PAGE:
After several years’ sustained campaigning from activists, the Irish public will be consulted next year on the 8th Amendment of their country's constitutionby Stephanie Boland / September 27, 2017 / Leave a comment
There’s a video that, if you move in certain circles, you might have seen online. In it, a group of women walk along a pristine West London street, each with a wheely suitcase. Their faces are serious, and many of them wear a black jumper with the word “REPEAL” written in white. They’re heading to the Irish Embassy.
If you were to slow the video down and count, you’d find that there are 77 of them: the same number of Irish women who, on average, travel to Britain every week to procure an abortion.
Carry out a straw poll on a London street like this one, and you’ll find plenty of people aren’t aware of Ireland’s abortion laws. Until recently, even some feminist activists were surprised to learn about the 8thamendment: the clause in the Irish constitution that makes the life of a foetus equal to that of the woman carrying it (in one recent case, a woman and her foetus were actually represented by separate legal teams).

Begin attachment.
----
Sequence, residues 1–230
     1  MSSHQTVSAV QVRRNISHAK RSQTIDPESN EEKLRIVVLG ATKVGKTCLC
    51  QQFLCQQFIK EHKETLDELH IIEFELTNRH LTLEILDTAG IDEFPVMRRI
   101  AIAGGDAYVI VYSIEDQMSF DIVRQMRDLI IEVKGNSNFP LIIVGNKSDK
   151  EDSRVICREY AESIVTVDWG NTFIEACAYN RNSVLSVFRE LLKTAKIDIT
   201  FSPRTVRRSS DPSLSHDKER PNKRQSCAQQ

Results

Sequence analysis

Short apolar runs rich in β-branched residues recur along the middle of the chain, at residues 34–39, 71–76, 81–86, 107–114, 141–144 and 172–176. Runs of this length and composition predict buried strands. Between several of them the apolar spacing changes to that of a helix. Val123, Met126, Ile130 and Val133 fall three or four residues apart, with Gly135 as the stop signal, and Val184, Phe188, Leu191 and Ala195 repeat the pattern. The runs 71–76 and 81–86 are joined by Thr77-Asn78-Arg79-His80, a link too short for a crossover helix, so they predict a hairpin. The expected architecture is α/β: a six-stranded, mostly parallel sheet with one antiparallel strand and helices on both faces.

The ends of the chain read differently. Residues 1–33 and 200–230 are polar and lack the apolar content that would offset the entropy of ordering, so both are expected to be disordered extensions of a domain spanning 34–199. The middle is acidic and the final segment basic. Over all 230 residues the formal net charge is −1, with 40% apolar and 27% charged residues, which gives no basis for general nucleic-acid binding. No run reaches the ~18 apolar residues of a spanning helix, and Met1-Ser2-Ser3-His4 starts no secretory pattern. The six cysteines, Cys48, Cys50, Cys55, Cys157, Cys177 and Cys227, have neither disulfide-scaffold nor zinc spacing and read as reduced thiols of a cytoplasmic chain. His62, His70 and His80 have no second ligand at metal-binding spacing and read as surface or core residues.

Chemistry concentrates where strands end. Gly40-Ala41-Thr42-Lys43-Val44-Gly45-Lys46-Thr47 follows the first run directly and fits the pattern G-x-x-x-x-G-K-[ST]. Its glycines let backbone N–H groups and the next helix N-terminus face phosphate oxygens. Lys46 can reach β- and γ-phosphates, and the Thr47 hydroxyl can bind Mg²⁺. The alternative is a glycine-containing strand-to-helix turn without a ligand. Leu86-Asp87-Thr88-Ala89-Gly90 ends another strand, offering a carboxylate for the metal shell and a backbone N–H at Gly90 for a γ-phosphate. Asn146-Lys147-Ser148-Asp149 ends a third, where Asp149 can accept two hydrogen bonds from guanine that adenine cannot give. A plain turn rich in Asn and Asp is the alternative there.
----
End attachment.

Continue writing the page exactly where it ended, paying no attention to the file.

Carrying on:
Under Irish law, abortion is illegal even in cases of rape or incest, although since 2013 it has been permitted if a woman’s life is at risk. In practice, if a woman wishes to procure an abortion, she has three options: obtain illegal abortion pills and risk prosecution; attempt an abortion at home; or, if she can get together the money, travel to Britain, to pay for an abortion there.
It is this last group of women that the suitcase protest, organised by the Coalition to Repeal the 8thAmendment, was designed to highlight. The affecting video is just one action in a sustained campaign by different groups, across the Republic and overseas. The famous REPEAL jumpers are another, with activists seen sitting behind Taoiseach Leo Varadkar at a recent speech on Brexit.
Women like Irish Times writer Roisin Ingle and Helen Linehan—wife of the Irish comedian, Graham Linehan—have written about their own experiences. Earlier this year, following a similar action in Poland, a “#Strike4Repeal” action shut down Dublin city centre.
If English feminists used to be in the dark about Ireland’s abortion laws, Irish activists have switched the light on—permanently.
“On average, 77 Irish women travel to Britain every week to procure an abortion”
More important, however, is…